Gender Digital Divide Persists in Africa

By Juliet Nanfuka |
Last month, the Alliance for Affordable Internet (A4AI) released its Affordability Report 2017 which indicated that while the world will this year mark a significant milestone of 50% global internet penetration, large numbers of women in developing countries remain offline because “they cannot afford to connect.”
The A4AI report’s findings echo earlier reports on the longstanding gender digital gap that is the result of prevailing social and economic barriers including illiteracy, gender roles and various forms of discrimination. In 2013, a report by the Broadband Commission estimated that 200 million more men than women accessed the internet. Similarly, according to the International Telecommunications Union (ITU), in 2016 the difference between the Internet user penetration rates for males and females was largest in Africa (23%) and smallest in the Americas (2%).
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Gender, Youth and Digital Democratic Processes in East Africa

The Arab Spring has demonstrated a couple of things namely the power and importance of social media, the ability for technology to unite crowds of people in the shortest amount of time no matter the location, and the increased blurriness between the local and global entities with the use of tools like Twitter and Facebook. The role social media have played in the revolutions in countries such as Tunisia, Egypt and Libya is well documented. That youth in particular are recognized as the major players behind the use of these platforms is largely undisputed.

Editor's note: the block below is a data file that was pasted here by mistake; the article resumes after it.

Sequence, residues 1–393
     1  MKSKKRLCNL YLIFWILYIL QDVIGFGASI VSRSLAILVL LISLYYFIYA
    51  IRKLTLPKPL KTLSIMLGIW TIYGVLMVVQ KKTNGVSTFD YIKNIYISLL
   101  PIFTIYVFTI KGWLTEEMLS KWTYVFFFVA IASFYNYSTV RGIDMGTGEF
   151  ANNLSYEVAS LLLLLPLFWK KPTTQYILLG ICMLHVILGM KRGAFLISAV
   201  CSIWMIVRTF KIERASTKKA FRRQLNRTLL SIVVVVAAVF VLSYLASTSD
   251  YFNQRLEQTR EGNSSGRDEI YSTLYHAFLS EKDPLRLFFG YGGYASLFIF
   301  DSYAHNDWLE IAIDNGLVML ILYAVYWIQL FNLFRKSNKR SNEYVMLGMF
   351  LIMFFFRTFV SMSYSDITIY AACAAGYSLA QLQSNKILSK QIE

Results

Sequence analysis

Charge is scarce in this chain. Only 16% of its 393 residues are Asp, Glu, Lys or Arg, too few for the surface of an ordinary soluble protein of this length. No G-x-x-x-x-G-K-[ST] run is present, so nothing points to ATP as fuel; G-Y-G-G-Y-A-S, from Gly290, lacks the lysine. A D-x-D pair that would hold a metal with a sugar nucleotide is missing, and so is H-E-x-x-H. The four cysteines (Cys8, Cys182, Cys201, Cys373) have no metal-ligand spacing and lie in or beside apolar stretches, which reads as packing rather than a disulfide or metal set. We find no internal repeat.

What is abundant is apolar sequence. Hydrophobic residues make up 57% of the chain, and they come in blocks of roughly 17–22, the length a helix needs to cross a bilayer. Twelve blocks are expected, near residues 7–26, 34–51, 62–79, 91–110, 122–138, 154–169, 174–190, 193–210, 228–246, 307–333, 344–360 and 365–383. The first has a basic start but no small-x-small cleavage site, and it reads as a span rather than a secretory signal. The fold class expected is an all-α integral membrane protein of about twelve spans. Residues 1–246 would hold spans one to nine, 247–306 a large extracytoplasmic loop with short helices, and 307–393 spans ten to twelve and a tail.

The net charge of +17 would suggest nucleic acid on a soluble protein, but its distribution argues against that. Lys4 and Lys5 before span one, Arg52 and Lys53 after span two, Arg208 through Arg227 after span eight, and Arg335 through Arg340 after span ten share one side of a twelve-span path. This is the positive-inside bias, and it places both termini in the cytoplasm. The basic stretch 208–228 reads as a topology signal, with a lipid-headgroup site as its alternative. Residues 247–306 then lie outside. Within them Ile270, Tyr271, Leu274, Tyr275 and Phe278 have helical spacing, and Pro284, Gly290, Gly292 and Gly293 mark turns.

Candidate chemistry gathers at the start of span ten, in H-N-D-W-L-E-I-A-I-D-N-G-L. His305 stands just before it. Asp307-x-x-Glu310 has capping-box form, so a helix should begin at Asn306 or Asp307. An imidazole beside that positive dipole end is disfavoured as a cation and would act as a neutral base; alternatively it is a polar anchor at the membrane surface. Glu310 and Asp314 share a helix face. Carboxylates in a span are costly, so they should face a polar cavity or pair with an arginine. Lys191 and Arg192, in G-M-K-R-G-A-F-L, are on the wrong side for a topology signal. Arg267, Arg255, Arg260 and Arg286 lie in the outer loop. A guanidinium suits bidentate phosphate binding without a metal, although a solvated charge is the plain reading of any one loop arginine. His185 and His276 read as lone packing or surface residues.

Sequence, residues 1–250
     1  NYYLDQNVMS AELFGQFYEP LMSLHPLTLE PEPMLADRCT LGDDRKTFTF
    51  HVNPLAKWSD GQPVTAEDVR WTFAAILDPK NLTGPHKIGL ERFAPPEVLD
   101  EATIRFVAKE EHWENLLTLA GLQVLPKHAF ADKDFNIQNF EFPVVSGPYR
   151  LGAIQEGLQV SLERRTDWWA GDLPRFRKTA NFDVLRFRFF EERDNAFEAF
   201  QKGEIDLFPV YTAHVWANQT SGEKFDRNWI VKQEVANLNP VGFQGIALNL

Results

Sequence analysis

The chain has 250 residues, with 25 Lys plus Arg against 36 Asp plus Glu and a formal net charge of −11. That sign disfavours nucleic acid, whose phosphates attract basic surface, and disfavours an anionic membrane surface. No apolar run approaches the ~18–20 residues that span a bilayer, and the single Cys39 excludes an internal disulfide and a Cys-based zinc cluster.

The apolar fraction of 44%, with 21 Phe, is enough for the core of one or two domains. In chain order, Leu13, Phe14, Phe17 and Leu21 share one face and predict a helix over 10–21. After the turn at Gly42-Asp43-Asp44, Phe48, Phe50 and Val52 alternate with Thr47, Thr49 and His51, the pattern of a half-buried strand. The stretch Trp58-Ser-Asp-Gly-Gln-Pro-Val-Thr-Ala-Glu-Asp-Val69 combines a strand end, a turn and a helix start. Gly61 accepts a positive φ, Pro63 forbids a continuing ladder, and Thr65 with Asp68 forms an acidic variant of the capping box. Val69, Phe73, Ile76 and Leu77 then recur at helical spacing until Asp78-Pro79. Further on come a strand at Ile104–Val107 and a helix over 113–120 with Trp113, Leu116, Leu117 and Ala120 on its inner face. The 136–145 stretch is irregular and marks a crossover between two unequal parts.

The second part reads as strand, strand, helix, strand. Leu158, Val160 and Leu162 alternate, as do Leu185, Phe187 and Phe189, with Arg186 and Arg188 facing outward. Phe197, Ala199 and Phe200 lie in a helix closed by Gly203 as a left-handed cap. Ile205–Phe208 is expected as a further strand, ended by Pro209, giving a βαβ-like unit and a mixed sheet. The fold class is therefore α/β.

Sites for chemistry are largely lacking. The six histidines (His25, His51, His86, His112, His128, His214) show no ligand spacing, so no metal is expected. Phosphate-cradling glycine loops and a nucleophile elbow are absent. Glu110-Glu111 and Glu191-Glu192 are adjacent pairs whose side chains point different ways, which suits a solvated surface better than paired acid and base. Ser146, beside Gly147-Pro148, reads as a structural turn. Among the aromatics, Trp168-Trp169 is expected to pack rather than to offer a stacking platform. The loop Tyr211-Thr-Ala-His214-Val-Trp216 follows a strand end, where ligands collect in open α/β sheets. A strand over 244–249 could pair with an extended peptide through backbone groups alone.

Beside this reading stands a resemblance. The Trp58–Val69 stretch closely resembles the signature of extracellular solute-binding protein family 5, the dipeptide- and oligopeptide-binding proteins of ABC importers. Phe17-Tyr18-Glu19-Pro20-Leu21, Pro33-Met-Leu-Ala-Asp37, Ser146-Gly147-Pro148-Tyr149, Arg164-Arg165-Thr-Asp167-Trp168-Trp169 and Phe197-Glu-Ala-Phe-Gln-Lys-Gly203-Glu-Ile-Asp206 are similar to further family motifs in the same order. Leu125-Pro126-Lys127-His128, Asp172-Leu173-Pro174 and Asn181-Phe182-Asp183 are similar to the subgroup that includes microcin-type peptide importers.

In this article the composition of youth is scrutinized to acquire an understanding of which youth actually have the opportunity to partake in democratic and public fora. The concept of youth and their use of social media for democratic processes is not sufficiently discussed with regards to heterogeneity. The complex layers comprised of the term ‘youth’ is an important point of consideration so as to ensure that all youth are engaging in democratic processes. This article considers differences among youth from a gender perspective, specifically the differences between young men and young women with regards to digitally mediated democratic processes.

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